Clinical Transfusion Research
The patient oriented research of Sanquin Blood Supply is coordinated at the Center for Clinical Transfusion Research (CCTR). The CCTR encompasses patient oriented research activities of the research department of Clinical Transfusion Research, head Johanna (Anske) van der Bom and of the unit Transfusion Medicine, head Marian van Kraaij. Research activities in collaboration with the Leiden University Medical Center are hosted by the joint Sanquin - Leiden University Medical Center Jon J van Rood Center for Clinical Transfusion Research, principle investigators Jaap Jan Zwaginga, Johanna (Anske) van der Bom and Masja de Haas.
The mission of the Center for Clinical Transfusion Research is to produce and distribute the best quality knowledge on the practice of transfusion medicine and by doing so to optimize the care for the individual patient that needs blood products or cell therapy.
Three lines of research are distinguished:
- Bleeding & anemia: encompassing prevention, treatment and prediction of bleeding and anemia in various clinical situations, among others obstetric hemorrhage, cardiothoracic surgery, orthopedic surgery, hemato-oncology, critically ill patients and neonates; with special emphasis on the optimization of transfusion treatment strategies according to individual patient profiles;
- Clinical cellular therapy: including efficacy and safety of emerging cellular therapies;
- Side effect of transfusion: including red cell alloimmunisation, transfusion related acute lung injury, allergic reactions and storage effects.
Productivity and quality of our research is warranted by substantial emphasis on research methods of applied transfusion research and by solid collaborations with other transfusion medicine scientists and clinicians who are active throughout the transfusion chain establishing translational synergy between basic research and clinical practice.
Ongoing and recently finished projects
|> ExpEryence||> Plasma|
|ATTACH||> Platelet Safety Program|
|Match||> TOMAAT & LISBOA|
|> Universal platelet donors|
Educationals on Transfusion Epidemiology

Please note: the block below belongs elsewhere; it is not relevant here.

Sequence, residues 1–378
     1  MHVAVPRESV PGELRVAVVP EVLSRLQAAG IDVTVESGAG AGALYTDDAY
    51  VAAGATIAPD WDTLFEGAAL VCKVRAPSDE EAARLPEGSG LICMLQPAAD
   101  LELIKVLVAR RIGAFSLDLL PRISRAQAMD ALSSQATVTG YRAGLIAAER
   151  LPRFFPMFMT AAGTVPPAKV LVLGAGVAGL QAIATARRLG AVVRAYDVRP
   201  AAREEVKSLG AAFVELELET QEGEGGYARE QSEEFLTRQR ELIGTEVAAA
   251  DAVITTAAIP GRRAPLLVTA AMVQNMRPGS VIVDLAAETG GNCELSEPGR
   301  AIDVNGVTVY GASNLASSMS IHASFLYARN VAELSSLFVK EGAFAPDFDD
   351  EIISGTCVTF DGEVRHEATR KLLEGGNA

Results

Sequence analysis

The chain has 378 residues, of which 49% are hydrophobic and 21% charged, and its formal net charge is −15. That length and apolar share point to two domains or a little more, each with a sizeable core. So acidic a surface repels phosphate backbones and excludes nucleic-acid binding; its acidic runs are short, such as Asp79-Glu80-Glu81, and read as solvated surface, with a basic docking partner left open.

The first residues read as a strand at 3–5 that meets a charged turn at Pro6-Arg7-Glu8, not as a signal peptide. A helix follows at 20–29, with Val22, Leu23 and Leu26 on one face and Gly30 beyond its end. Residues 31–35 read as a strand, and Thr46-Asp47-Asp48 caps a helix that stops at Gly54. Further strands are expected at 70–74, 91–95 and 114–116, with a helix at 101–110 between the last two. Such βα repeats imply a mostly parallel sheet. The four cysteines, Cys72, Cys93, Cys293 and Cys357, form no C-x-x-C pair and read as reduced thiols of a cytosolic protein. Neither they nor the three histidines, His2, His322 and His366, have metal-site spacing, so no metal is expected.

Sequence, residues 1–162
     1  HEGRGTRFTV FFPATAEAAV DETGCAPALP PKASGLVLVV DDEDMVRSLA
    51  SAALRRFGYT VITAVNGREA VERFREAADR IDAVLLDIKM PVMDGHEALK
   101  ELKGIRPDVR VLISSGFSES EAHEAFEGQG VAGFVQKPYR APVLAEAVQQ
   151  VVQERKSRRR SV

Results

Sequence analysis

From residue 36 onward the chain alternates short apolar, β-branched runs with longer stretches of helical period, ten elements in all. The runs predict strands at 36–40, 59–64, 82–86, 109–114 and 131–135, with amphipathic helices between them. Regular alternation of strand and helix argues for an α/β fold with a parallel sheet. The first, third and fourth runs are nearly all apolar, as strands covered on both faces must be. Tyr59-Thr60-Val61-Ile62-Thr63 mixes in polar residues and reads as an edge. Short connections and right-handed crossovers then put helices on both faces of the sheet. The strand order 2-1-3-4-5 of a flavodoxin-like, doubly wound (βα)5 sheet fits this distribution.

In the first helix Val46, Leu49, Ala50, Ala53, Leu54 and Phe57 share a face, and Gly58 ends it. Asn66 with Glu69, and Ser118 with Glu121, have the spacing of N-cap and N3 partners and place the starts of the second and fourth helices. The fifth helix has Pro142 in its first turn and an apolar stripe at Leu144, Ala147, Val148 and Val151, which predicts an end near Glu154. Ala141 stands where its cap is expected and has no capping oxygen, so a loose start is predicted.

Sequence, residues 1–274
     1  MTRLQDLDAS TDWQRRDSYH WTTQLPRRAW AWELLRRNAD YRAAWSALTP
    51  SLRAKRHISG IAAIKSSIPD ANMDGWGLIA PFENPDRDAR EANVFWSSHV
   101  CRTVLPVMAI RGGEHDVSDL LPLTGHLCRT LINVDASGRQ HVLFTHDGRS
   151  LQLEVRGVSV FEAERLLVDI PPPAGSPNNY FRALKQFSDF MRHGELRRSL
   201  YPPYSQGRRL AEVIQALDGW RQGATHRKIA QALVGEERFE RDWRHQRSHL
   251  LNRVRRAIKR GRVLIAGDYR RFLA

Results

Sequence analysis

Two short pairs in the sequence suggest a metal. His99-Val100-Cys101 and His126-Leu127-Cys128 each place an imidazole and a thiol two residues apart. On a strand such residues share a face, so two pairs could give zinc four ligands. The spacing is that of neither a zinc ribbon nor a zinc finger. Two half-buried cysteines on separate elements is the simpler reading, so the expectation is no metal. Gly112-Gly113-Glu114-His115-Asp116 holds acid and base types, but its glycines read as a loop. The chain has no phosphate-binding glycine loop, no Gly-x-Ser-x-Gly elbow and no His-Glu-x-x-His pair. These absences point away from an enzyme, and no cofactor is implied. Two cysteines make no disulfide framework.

Middelburg RA, Wiersum-Osselton JC, van de Watering LM, van der Bom JG. Observational etiologic research: Part 1-The etiologic research question: it requires DATA. Transfusion. 2013 Sep 30 [Epub ahead of print]
Middelburg RA, Wiersum-Osselton JC, van de Watering LM, van der Bom JG. Observational etiologic research: Part 2-Effect measures in etiologic research. Transfusion. 2013 Sep 30 [Epub ahead of print]
Middelburg RA, Wiersum-Osselton JC, van de Watering LM, van der Bom JG. Observational etiologic research: Part 3-Case-control studies: it's all about the source population. Transfusion. 2013 Sep 30 [Epub ahead of print]
Middelburg RA, Wiersum-Osselton JC, van de Watering LM, van der Bom JG. Observational etiologic research: Part 4-Matching in case-control studies: almost always a bad idea. Transfusion. 2013 Sep 30 [Epub ahead of print]
Zalpuri S, Middelburg RA, van de Watering L, Vamvakas E, Zwaginga JJ, van der Bom JG. Association vs causality in transfusion medicine: understanding multivariable analysis in prediction vs etiologic research. Transfus Med Rev 2013; 27(2):74-81.
Middelburg RA, le Cessie S, Briët E, Vandenbroucke JP, van der Bom JG. A solution to the problem of studying blood donor-related risk factors when patients have received multiple transfusions. Transfusion 2010; 50(9):1959-66.
Middelburg RA, van de Watering LM, van der Bom JG. Blood transfusions: good or bad? Confounding by indication, an underestimated problem in clinical transfusion research. Transfusion 2010; 50(6):1181-3.
Van de Watering L; Biomedical Excellence for Safer Transfusion (BEST) Collaborative. Pitfalls in the current published observational literature on the effects of red blood cell storage. Transfusion. 2011 Aug;51(8):1847-54.